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Publication numberUS5887460 A
Publication typeGrant
Application numberUS 08/928,181
Publication dateMar 30, 1999
Filing dateSep 12, 1997
Priority dateSep 12, 1997
Fee statusLapsed
Publication number08928181, 928181, US 5887460 A, US 5887460A, US-A-5887460, US5887460 A, US5887460A
InventorsTerry L Williams
Original AssigneeWilliams; Terry L
Export CitationBiBTeX, EndNote, RefMan
External Links: USPTO, USPTO Assignment, Espacenet
Propeller security device
US 5887460 A
Abstract
A boat propeller lock for boat propellers of the type that include a central shaft with a plurality of outward extending propeller blades, and that attach to the drive shaft of an outboard or inboard/outboard marine motor is provided. In one embodiment, the invention includes a generally U-shaped member consisting of a base member and a pair of parallel arms. A generally C-shaped member having a pair of parallel arms extending perpendicular to the C-shaped member, with one arm extending from each end of the "C" of the C-shaped member. The U-shaped member being adapted so the base member fits the front portion of an outboard or inboard/outboard lower unit with the parallel arms facing aft of the lower unit, and the C-shaped member being positioned over the rear of the marine propeller with the parallel arms facing forward. The parallel arms of the U-shaped member being slidably engagable with the parallel arms of the C-shaped member. One of the members includes a locking portion that permits slidable engagement of the parallel arms, but prevents disengagement thereof unless the locking portion is unlocked. At least one of the parallel arms can include a plurality of longitudinally spaced ratchet teeth. The lock portion can include a pawl adapted to engage the rachet teeth to permit the U- and C-shaped members to be slid together while preventing the members from being pulled apart when in the locked position.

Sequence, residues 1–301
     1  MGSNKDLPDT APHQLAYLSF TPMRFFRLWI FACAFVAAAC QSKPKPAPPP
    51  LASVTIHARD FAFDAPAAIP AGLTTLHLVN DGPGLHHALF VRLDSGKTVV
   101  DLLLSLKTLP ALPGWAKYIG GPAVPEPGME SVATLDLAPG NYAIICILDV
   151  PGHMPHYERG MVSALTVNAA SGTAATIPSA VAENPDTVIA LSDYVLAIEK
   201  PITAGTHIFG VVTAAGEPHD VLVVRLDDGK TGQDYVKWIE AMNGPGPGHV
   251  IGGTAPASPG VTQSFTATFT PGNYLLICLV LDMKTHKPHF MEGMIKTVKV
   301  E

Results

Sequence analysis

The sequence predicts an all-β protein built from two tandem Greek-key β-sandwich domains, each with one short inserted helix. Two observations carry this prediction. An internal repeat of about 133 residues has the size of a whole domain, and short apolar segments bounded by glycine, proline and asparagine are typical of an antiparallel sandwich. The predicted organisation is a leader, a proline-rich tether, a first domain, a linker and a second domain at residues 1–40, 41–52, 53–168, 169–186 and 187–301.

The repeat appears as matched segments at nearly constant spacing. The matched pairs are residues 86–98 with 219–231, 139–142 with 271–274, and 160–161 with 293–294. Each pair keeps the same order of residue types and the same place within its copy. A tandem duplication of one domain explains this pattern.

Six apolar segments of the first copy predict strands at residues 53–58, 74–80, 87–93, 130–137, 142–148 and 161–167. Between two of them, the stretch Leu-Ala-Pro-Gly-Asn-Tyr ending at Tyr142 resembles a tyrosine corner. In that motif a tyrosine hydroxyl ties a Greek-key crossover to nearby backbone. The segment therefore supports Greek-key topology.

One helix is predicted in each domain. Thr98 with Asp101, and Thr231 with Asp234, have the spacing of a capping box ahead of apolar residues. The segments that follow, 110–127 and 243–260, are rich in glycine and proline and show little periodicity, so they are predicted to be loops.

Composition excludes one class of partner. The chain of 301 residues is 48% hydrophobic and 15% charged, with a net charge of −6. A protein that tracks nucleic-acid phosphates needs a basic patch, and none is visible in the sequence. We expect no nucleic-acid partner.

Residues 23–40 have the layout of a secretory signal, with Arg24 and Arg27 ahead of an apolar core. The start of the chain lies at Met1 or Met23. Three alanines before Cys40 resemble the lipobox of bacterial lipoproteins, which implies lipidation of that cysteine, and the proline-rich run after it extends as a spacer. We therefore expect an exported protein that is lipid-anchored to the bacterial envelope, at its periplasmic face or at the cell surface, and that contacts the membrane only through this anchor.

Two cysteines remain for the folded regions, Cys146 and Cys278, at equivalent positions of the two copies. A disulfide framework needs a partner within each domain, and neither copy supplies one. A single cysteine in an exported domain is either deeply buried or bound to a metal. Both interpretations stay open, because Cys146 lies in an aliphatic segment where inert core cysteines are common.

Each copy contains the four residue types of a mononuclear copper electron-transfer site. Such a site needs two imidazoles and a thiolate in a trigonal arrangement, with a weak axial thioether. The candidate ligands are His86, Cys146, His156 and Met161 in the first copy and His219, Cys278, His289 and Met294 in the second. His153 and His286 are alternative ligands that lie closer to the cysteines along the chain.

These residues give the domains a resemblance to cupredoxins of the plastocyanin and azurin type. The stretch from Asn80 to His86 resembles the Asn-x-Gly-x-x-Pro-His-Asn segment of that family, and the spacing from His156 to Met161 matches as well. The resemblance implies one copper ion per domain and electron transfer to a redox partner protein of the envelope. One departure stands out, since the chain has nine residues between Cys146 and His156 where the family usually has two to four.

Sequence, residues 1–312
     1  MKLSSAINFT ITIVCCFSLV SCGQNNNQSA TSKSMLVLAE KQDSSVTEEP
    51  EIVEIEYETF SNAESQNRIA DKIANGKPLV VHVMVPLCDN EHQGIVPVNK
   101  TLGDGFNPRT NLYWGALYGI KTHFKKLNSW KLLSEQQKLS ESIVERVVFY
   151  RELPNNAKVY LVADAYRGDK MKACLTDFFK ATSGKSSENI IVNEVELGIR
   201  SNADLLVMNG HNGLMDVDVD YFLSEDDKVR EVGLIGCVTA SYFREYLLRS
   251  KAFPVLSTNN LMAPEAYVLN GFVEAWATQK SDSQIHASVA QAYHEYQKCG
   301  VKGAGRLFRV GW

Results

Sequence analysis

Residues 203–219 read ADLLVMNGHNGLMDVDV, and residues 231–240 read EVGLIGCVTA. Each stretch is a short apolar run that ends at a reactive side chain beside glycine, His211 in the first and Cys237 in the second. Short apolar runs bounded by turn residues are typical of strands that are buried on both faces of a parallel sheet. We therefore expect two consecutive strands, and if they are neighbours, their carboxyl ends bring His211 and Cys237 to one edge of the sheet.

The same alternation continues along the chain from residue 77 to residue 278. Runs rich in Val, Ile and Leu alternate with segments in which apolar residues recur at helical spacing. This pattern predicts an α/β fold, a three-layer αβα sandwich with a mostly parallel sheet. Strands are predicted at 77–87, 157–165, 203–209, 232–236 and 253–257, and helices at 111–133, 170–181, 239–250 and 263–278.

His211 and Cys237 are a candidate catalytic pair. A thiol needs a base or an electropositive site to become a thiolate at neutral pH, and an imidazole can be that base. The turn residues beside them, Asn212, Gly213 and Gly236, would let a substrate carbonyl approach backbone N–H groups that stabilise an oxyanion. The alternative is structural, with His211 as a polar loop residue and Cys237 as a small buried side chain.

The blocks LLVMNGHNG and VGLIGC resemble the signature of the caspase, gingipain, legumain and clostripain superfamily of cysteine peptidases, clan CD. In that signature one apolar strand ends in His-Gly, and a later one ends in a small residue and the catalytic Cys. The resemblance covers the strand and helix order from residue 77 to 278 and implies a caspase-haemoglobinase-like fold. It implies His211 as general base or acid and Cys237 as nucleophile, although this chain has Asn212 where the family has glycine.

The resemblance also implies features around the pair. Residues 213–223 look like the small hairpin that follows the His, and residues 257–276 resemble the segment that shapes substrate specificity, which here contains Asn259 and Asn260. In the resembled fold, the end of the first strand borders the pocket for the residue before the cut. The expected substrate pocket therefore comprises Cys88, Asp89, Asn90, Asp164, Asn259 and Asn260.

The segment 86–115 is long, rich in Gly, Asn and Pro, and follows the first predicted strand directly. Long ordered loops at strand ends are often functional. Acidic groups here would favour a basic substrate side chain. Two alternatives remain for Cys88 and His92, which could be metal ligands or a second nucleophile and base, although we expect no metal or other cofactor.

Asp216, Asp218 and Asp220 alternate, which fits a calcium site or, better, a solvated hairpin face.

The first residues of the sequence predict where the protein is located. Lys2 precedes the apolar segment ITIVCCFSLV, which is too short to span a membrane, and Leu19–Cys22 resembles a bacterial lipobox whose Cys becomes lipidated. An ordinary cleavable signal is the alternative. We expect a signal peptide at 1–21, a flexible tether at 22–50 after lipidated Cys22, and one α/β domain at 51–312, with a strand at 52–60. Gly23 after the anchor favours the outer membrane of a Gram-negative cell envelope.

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Claims(5)
What is claimed is:
1. A lock for a marine propeller of the type having a central shaft and a plurality of outwardly extending propeller blades, the marine propeller being removably attachable to a lower drive unit of an outboard or inboard/outboard marine motor, comprising:
a generally U-shaped member having a first pair of substantially parallel arms, said generally U-shaped member attachable to a front portion of the lower drive unit and further including a V-shaped bracket adapted to closely fit the front portion of the lower drive unit, said first pair of substantially parallel arms extending aft along the lower drive unit when said generally U-shaped member is disposed on the lower drive unit;
a generally C-shaped member having a second pair of substantially parallel arms, each of said second pair of substantially parallel arms connected at a first end to opposing ends of said C-shaped member and extending substantially perpendicular to said C-shaped member, said generally C-shaped member attachable to the marine propeller and being adapted to extend more than one half a distance circumferentially around a rear portion of the central shaft of the marine propeller, said second pair of substantially parallel arms extending forward along the lower drive unit and capturing at least two of the outwardly extending propeller blades when said generally C-shaped member is disposed on the marine propeller;